October 26, 2010 9:59:00 AM
Something smells here.
Columbus Light and Water''s decision to pay $996,000 for 118 acres of property near Pickensville Road and Shady Lane seems mighty hasty -- and mighty expensive.
The land would be used to spread sludge -- treated sewage -- that''s dredged out of CL&W''s storage lagoons.
It would seem the lagoons must be filled to the brim, but that isn''t so.
In 2009, CL&W''s raised the levees on its three storage lagoons just south of Columbus, at a cost of $368,000. The work was supposed to take care of sewage treatment and storage for the next 20 years.
Last week, the board voted to buy the land from Russell Sheffield, of Sheffield Construction. Board members David Shelton, Brandy Gardner and Jabari O. Edwards voted for the land purchase, with Tom Sneed and Jimmy Graham voting against it.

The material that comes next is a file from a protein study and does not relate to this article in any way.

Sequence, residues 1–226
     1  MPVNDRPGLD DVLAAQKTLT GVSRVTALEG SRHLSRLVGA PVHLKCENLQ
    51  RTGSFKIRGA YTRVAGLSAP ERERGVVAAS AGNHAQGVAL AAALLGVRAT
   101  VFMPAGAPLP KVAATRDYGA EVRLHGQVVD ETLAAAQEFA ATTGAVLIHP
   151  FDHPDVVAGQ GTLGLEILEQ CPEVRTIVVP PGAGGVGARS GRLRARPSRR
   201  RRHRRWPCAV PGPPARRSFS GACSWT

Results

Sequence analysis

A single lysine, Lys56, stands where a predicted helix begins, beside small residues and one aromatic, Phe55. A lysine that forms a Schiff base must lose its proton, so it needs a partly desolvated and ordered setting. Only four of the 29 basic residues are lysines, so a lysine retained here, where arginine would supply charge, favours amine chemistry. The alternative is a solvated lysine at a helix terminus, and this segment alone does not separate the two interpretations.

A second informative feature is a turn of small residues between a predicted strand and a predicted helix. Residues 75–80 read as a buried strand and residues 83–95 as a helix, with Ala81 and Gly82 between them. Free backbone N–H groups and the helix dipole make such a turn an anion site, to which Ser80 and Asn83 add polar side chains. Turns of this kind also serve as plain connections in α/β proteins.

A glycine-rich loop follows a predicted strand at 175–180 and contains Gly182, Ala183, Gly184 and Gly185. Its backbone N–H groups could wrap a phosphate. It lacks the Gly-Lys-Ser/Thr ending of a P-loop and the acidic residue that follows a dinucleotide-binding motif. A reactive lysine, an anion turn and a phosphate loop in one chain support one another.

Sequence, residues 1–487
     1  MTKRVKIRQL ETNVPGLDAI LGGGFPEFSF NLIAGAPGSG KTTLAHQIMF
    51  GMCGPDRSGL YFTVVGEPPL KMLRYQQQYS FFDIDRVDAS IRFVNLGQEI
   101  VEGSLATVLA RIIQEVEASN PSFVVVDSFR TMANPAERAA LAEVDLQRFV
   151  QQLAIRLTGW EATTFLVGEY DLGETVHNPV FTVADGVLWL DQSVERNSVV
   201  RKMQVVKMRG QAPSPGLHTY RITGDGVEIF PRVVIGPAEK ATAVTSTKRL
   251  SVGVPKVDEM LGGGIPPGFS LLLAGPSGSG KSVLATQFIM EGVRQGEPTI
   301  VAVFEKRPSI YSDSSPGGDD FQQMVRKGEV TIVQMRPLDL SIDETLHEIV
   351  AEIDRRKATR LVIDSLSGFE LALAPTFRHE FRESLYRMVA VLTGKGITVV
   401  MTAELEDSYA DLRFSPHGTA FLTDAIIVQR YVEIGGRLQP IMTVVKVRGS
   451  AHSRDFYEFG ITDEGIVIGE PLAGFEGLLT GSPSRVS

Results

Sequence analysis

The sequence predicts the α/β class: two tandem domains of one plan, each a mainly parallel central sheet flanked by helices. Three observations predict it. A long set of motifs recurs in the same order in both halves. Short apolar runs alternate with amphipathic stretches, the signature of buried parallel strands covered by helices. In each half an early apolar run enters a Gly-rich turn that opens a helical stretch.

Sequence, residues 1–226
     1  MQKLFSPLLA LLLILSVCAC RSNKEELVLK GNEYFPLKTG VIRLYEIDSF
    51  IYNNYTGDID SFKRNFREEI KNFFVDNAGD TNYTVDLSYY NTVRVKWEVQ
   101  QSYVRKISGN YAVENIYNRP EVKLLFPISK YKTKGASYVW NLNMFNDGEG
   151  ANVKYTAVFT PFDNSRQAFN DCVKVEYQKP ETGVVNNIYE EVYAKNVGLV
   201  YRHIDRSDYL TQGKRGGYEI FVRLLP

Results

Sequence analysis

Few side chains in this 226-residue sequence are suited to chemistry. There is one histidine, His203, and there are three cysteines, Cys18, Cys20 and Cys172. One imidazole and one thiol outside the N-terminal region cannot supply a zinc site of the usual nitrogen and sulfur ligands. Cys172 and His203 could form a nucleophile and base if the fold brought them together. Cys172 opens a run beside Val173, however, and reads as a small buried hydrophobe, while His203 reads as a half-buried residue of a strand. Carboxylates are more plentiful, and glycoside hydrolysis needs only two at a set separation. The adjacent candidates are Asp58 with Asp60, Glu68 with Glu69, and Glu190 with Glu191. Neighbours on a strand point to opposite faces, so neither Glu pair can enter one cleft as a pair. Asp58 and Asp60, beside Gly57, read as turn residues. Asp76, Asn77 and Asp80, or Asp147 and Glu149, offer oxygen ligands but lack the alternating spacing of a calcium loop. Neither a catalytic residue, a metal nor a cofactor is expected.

The board''s action is even more suspect considering that it had a cheaper bid, $450,000 for 115 acres owned by Ronnie and Donna West, of West Brothers Construction.
While the West property needed work such as timber removal and wetlands mitigation, the estimate would still have been less than the near-$1 million price tag on the Sheffield property.
And, the Wests offered to clear the land for free, if they could keep the proceeds from the timber on the property.
Shelton had been pushing to buy the Sheffield property. He had earlier made a motion to pay $1.18 million for it.
The whole episode calls into question the decision-making of the board, and its stewardship of CL&W funds. Only weeks ago, CL&W manager Todd Gale said he was warning customers that energy bills could rise as much as 10 percent over the coming year, which he blames on a Tennessee Valley Authority fuel surcharge. Maybe we''re comparing apples to oranges here. But watching the board make an unnecessary land purchase -- and paying twice as much for it as they could have -- doesn''t sit right, all things considered.
We agree that the city needs a long-term plan to treat and store its sewage waste. But the only thing wasted here was money, not sewage.